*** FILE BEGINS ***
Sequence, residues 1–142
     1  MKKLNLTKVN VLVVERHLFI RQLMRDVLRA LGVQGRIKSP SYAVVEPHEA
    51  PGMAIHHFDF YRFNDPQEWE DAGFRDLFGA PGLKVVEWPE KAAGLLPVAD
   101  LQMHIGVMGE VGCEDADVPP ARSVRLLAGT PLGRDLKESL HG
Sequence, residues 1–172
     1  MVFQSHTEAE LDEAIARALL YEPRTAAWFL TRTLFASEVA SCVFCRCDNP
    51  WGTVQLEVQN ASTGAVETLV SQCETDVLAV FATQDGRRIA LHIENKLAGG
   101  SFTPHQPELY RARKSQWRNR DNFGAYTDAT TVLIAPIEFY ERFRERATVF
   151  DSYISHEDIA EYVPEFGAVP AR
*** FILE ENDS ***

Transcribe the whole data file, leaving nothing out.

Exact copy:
Sequence, residues 1–142
     1  MKKLNLTKVN VLVVERHLFI RQLMRDVLRA LGVQGRIKSP SYAVVEPHEA
    51  PGMAIHHFDF YRFNDPQEWE DAGFRDLFGA PGLKVVEWPE KAAGLLPVAD
   101  LQMHIGVMGE VGCEDADVPP ARSVRLLAGT PLGRDLKESL HG
Sequence, residues 1–172
     1  MVFQSHTEAE LDEAIARALL YEPRTAAWFL TRTLFASEVA SCVFCRCDNP
    51  WGTVQLEVQN ASTGAVETLV SQCETDVLAV FATQDGRRIA LHIENKLAGG
   101  SFTPHQPELY RARKSQWRNR DNFGAYTDAT TVLIAPIEFY ERFRERATVF
   151  DSYISHEDIA EYVPEFGAVP AR